Varga earned followers streaming League of Legends, but in 2014, pivoted to something shadier: CS:GO skin gambling. In YouTube videos and on Twitch, Varga recorded himself winning anywhere from $600 to several thousand dollars in skin lotteries on sites like CSGOShuffle. An exposé by journalist Richard Lewis reported that Varga was affiliated with CSGOShuffle and potentially owned it without disclosing that in his content.

After the exposé, in July, 2016, Twitch slammed the ban hammer down on Varga. Now, Varga is fighting to get his Twitch channel back and win compensation for financial damages due to his ban.

The reason for Varga’s ban was threefold, although in the suit, Varga complains that he wasn’t provided with a solid reason until after his ban. Varga allegedly violated the site’s content guidelines by claiming fake bot subscribers and broadcasting non-gaming content. (At the time, Twitch did not allow streamers to venture outside of gaming.) He was allegedly streaming too much of this skin gambling and not enough good ol’ games. (The new lawsuit quotes Varga’s manager asking him to stream skin gambling in spurts of thirty minutes or less, or he’d get flagged for a suspension).

Perhaps more importantly, Twitch says Varga’s skin-gambling stream violated the company’s Terms of Service. Promoting your CS:GO gambling site without disclosing it’s yours violates both Valve’s ToS and FTC rules, therefore also violating Twitch’s ToS. In the meantime, Varga has been streaming on YouTube, which is known to be a little more hands-off about its streamers’ content.

The lawsuit, filed on February 14th in the Superior Court of California, claims that Varga was banned in an improper manner and, perhaps, should not have been banned at all. Varga did not violate the site’s Terms of Service, the suit argues, citing Lewis’s “unsubstantiated allegations” against him in his expose. If Lewis was wrong that Varga owned or was affiliated with CSGOShuffle, there wasn’t a good reason to ban him, the lawsuit suggests.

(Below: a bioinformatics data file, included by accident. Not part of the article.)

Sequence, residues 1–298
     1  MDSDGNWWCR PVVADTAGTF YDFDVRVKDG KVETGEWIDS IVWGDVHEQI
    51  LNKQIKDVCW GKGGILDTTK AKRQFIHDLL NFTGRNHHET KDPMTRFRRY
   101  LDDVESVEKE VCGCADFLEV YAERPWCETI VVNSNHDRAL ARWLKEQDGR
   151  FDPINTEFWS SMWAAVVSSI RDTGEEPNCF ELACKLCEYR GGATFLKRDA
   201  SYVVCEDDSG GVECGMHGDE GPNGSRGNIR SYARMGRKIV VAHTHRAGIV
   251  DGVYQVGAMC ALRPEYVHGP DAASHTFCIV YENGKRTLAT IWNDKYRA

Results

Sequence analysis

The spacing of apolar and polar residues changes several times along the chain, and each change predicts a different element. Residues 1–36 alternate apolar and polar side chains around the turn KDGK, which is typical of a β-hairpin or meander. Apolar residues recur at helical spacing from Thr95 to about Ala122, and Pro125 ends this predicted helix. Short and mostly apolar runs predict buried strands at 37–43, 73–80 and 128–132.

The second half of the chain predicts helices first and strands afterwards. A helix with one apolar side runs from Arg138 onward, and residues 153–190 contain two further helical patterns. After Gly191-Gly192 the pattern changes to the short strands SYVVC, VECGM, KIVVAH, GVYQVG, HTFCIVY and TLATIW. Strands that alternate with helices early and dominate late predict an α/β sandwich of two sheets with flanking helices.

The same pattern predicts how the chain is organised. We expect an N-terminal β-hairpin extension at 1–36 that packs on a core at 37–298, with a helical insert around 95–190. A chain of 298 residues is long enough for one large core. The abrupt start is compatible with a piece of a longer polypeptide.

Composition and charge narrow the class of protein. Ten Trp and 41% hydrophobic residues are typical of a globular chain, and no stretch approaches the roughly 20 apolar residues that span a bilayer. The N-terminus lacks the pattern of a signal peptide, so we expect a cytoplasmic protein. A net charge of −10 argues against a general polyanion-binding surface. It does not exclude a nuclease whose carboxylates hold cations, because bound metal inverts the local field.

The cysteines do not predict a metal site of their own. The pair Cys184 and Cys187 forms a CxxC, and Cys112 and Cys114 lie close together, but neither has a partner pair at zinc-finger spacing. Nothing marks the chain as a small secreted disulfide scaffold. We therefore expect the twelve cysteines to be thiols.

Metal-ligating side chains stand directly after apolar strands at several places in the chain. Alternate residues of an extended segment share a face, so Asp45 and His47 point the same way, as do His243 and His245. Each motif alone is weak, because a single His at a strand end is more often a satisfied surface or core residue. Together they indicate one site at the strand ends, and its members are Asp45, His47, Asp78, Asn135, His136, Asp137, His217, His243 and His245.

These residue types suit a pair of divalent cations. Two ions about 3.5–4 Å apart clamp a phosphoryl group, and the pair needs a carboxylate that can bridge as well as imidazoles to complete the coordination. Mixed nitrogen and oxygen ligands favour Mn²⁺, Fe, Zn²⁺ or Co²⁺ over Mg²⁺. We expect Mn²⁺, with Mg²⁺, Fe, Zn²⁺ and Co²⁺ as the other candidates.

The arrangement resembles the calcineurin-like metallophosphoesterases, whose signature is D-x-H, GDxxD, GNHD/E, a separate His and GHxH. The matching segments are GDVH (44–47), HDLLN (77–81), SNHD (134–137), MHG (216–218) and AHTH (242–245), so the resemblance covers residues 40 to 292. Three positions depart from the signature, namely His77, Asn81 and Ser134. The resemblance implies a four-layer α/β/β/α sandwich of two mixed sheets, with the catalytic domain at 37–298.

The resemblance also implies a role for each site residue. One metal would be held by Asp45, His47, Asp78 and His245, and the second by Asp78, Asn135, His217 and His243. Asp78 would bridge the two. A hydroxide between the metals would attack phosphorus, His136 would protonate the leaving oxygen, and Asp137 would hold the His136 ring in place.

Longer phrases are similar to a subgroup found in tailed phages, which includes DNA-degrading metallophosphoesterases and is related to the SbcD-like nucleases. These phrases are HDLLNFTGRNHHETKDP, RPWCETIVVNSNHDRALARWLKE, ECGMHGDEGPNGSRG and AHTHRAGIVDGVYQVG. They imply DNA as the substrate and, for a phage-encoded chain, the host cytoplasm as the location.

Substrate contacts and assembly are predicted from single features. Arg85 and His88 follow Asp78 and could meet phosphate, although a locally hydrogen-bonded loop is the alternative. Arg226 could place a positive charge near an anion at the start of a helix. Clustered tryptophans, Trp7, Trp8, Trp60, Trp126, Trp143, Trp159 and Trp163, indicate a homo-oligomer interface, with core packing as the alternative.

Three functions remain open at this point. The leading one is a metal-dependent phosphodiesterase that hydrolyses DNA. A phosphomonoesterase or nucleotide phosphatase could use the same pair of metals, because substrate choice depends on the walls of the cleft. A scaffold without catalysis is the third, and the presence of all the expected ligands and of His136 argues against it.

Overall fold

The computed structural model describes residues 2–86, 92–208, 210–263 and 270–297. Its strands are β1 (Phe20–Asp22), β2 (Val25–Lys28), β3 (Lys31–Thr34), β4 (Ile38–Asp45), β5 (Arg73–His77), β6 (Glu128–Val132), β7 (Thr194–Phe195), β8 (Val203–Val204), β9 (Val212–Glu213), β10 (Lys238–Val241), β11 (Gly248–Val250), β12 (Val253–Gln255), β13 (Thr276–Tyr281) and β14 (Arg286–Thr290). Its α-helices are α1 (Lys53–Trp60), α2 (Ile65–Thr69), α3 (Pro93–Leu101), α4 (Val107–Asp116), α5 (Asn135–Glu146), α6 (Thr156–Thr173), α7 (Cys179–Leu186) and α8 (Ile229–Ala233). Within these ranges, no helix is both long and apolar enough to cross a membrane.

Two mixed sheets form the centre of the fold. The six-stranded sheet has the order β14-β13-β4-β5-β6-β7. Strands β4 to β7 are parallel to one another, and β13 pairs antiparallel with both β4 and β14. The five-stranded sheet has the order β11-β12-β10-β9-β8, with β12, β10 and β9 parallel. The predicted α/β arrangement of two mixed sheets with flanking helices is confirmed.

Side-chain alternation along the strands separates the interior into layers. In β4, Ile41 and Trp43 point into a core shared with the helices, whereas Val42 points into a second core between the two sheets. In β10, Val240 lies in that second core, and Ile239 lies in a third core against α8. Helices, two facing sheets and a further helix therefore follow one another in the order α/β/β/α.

The lawsuit reads, “Twitch apparently accepted as true false allegations published by an unscrupulous commentator,” adding, “As a result of Twitch’s improper suspension of Varga’s Twitch.tv account, and also as a result of Twitch’s misrepresentation as to what content Varga was permitted to broadcast, Varga has incurred significant monetary damages.” In a YouTube video posted yesterday, Lewis denies that his report was unsubstantiated. The lawsuit also does not specifically say that Varga had no connection with CSGOShuffle.

The suit goes on to accuse Twitch of using Varga to “deflect negative press” over the CS:GO gambling scandal and “divert attention from the fact that Twitch continued to knowingly allow such conduct to continue on other Twitch channels.” Twitch declined a request for comment, explaining that it does not talk about pending litigation. Varga has not responded to a request for comment.

Even though Twitch’s guidelines have expanded to include an IRL section, where streamers can do whatever they want, Varga couldn’t come back and skin-gamble, even if he was unbanned. CS:GO skin-gambling still violates Valve’s Terms of Service.

 

Source: kotaku.com


Source: EuropeanGaming.eu

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Dunedin City Council hears both sides of gambling story

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Council hears both sides of gambling storyReading Time: 2 minutes